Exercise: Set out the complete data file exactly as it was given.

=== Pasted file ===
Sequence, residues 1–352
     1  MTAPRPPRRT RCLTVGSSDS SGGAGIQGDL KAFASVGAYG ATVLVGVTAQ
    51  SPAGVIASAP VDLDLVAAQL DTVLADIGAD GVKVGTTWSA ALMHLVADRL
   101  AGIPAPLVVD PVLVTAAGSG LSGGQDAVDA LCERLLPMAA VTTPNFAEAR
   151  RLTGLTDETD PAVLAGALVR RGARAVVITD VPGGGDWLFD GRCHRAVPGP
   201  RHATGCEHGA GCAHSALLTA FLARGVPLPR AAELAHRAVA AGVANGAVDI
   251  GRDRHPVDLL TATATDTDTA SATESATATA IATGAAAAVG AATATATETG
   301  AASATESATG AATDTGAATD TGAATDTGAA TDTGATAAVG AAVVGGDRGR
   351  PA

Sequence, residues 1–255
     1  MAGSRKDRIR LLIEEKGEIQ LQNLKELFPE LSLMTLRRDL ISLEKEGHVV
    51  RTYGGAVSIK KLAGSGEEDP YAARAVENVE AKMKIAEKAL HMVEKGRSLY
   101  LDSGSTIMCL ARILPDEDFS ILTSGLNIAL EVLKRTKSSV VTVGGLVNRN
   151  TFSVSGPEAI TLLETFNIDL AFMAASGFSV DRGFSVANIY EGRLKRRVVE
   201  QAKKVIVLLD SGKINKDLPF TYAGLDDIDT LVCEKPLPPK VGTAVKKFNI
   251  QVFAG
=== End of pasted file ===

Sequence, residues 1–352
     1  MTAPRPPRRT RCLTVGSSDS SGGAGIQGDL KAFASVGAYG ATVLVGVTAQ
    51  SPAGVIASAP VDLDLVAAQL DTVLADIGAD GVKVGTTWSA ALMHLVADRL
   101  AGIPAPLVVD PVLVTAAGSG LSGGQDAVDA LCERLLPMAA VTTPNFAEAR
   151  RLTGLTDETD PAVLAGALVR RGARAVVITD VPGGGDWLFD GRCHRAVPGP
   201  RHATGCEHGA GCAHSALLTA FLARGVPLPR AAELAHRAVA AGVANGAVDI
   251  GRDRHPVDLL TATATDTDTA SATESATATA IATGAAAAVG AATATATETG
   301  AASATESATG AATDTGAATD TGAATDTGAA TDTGATAAVG AAVVGGDRGR
   351  PA

Sequence, residues 1–255
     1  MAGSRKDRIR LLIEEKGEIQ LQNLKELFPE LSLMTLRRDL ISLEKEGHVV
    51  RTYGGAVSIK KLAGSGEEDP YAARAVENVE AKMKIAEKAL HMVEKGRSLY
   101  LDSGSTIMCL ARILPDEDFS ILTSGLNIAL EVLKRTKSSV VTVGGLVNRN
   151  TFSVSGPEAI TLLETFNIDL AFMAASGFSV DRGFSVANIY EGRLKRRVVE
   201  QAKKVIVLLD SGKINKDLPF TYAGLDDIDT LVCEKPLPPK VGTAVKKFNI
   251  QVFAG